|Classification and external resources|
The arteries of the face and scalp.
Giant-cell arteritis (GCA or temporal arteritis or cranial arteritis) or Horton disease is an inflammatory disease of blood vessels most commonly involving large and medium arteries of the head, predominantly the branches of the external carotid artery. It is a form of vasculitis.
The terms "giant-cell arteritis" and "temporal arteritis" are sometimes used interchangeably, because of the frequent involvement of the temporal artery. However, it can involve other large vessels (such as the aorta in "giant-cell aortitis"). Giant-cell arteritis of the temporal artery is referred to as "temporal arteritis," and is also known as "cranial arteritis" and "Horton's disease.":840
It is more common in women than in men by a ratio of 2:1 and more common in those of Northern European descent, as well as those residing at higher latitudes. The mean age of onset is >55 years, and it is rare in those less than 55 years of age.
People present with:
The inflammation may affect blood supply to the eye and blurred vision or sudden blindness may occur. In 76% of cases involving the eye, the ophthalmic artery is involved causing arteritic anterior ischemic optic neuropathy. Loss of vision in both eyes may occur very abruptly and this disease is therefore a medical emergency.
The disorder may coexist (in a half of cases) with polymyalgia rheumatica (PMR), which is characterized by sudden onset of pain and stiffness in muscles (pelvis, shoulder) of the body and is seen in the elderly. GCA and PMR are so closely linked that they are often considered to be different manifestations of the same disease process. Other diseases related with temporal arteritis are systemic lupus erythematosus, rheumatoid arthritis, and severe infections.
Giant-cell arteritis can involve branches of the aorta as well leading to aortic aneurysm. For this reason patients should be followed with serial chest X-rays
The gold standard for diagnosing temporal arteritis is biopsy, which involves removing a small part of the vessel and examining it microscopically for giant cells infiltrating the tissue. Since the blood vessels are involved in a patchy pattern, there may be unaffected areas on the vessel and the biopsy might have been taken from these parts. Unilateral biopsy of a 1.5–3 cm length is 85-90% sensitive (1 cm is the minimum). So, a negative result does not definitely rule out the diagnosis. Thus, currently biopsy is only considered confirmatory for the clinical diagnosis, or one of diagnostic criteria.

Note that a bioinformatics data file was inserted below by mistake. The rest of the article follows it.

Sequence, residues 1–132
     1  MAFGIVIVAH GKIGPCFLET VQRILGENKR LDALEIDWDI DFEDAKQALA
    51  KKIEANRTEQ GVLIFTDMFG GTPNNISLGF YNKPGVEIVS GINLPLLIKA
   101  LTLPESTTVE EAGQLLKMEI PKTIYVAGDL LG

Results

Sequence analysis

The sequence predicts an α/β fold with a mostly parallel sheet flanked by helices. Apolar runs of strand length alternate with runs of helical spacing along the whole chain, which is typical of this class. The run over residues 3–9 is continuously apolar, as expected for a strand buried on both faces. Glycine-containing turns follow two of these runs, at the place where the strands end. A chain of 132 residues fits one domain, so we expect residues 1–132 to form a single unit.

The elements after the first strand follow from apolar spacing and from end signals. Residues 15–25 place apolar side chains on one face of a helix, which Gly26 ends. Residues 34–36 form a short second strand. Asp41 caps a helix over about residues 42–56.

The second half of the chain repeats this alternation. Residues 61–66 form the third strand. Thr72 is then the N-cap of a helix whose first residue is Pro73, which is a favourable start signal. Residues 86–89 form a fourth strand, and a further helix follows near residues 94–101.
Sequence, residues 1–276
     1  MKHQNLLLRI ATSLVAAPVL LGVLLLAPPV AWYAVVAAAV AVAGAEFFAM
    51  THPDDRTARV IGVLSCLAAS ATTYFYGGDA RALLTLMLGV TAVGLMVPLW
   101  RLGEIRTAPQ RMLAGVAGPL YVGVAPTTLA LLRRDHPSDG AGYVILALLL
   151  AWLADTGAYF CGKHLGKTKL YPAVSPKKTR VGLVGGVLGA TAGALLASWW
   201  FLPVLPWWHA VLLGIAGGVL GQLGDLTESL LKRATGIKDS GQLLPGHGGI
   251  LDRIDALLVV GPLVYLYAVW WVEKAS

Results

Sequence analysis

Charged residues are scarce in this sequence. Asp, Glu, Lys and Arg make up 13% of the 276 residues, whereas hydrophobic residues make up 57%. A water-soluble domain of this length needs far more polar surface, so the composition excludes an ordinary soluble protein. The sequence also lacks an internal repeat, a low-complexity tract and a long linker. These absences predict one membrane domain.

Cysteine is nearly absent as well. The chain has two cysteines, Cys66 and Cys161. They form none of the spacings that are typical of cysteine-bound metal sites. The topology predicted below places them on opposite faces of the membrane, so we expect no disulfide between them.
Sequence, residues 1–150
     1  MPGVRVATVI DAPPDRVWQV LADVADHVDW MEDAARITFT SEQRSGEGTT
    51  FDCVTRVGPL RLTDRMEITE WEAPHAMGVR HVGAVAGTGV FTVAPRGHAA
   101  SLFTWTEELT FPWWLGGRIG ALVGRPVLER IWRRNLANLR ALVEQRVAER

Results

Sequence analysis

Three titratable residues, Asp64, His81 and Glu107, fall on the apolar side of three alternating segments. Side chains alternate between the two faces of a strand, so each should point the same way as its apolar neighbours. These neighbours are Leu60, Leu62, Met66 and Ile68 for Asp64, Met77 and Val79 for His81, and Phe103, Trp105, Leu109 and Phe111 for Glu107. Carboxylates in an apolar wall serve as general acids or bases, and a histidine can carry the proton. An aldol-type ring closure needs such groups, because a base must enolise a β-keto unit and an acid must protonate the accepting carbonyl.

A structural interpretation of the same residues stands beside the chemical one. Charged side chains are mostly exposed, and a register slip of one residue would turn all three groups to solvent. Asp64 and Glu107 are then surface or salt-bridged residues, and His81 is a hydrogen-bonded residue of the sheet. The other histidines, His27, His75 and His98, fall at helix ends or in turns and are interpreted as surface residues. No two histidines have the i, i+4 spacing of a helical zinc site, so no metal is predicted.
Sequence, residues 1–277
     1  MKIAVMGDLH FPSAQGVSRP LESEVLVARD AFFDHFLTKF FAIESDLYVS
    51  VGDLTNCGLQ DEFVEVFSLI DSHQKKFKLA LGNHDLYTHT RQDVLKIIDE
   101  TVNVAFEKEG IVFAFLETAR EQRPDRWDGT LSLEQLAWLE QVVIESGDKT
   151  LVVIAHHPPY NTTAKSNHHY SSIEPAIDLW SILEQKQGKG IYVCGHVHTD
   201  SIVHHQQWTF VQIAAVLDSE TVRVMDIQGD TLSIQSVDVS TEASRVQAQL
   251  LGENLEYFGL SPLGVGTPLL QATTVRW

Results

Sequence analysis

Radiological examination of the temporal artery with ultrasound yields a halo sign. Contrast enhanced brain MRI and CT is generally negative in this disorder. Recent studies have shown that 3T MRI using super high resolution imaging and contrast injection can non-invasively diagnose this disorder with high specificity and sensitivity.
Corticosteroids, typically high-dose prednisone (1 mg/kg/day), must be started as soon as the diagnosis is suspected (even before the diagnosis is confirmed by biopsy) to prevent irreversible blindness secondary to ophthalmic artery occlusion. Steroids do not prevent the diagnosis from later being confirmed by biopsy, although certain changes in the histology may be observed towards the end of the first week of treatment and are more difficult to identify after a couple of months. The dose of prednisone is lowered after 2–4 weeks, and slowly tapered over 9–12 months. Tapering may require two or more years. Oral steroids are at least as effective as intravenous steroids, except in the treatment of acute visual loss where intravenous steroids appear to offer significant benefit over oral steroids.
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